Dan Owens, the right scanner, started crewing aboard Fifi in 2011. A Bonanza F33 owner, he operates an electrical contracting company serving the oil and gas drilling industry in several states. His wife thinks he has become obsessed by a need to research the story of Dan Godsy, his namesake. He has traveled to B–29 bases on Guam, Saipan, and Tinian Island with other CAF members, and has visited a memorial at Ora, Japan, to the 23 men lost.
The CAF bases Fifi in Fort Worth, Texas; Doc, the only other flying B–29, will soon have a new home at Wichita’s Dwight D. Eisenhower National Airport. The two rare aircraft have flown together only twice since the nonprofit Doc’s Friends returned Doc to flying status in July 2016.
During tight formation flights with Doc, Fifi is commanded by Jeff Linebaugh of the CAF. Like Owens, he also has a connection to B–29s during World War II.
“For me it’s a special privilege,” Linebaugh said. “My dad was a [Boeing] B–17 pilot at the end of World War II. He was slated to go to B–29 school in September of 1945. Of course, the war ended. He never went to B–29 school. I feel like I got to take my dad’s place and go into the B–29.”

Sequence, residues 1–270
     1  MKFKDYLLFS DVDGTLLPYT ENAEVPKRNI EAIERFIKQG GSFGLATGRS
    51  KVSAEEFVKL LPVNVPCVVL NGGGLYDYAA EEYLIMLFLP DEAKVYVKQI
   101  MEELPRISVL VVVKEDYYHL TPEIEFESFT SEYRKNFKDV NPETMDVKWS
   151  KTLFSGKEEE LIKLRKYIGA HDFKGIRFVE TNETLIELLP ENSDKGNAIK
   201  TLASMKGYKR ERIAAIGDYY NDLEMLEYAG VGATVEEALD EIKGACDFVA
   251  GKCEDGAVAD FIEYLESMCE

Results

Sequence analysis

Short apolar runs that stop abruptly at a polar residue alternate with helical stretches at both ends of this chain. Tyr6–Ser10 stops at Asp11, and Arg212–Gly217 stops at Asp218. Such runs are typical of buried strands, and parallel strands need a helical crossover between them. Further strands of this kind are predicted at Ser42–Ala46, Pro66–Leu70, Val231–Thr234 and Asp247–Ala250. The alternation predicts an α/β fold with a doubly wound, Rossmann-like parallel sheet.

“The flight engineer said, ‘Not with me onboard you’re not,’ and cut off the remaining engines.” —Vince Van Velzer, radio operator, Boeing B–29Fifi is first to arrive in Great Bend, followed a few hours later by Doc. Winds cancel the Friday afternoon airshow, at least for the B–29s; they are old and the pilots like to baby them. Friday morning is calm enough, and Fifi makes a flight with paying passengers. Schoolchildren watch the takeoff and landing, chanting “Fi-fi, Fi-fi, Fi-fi.” As the massive aircraft lifts into the sky a little girl hugs a friend in celebration. At the airshow, warbirds are on display and a 1940s dance is set for Saturday night with an act recalling the Andrews Sisters from the boogie-woogie era. A few Kansans will attend in 1940s costumes.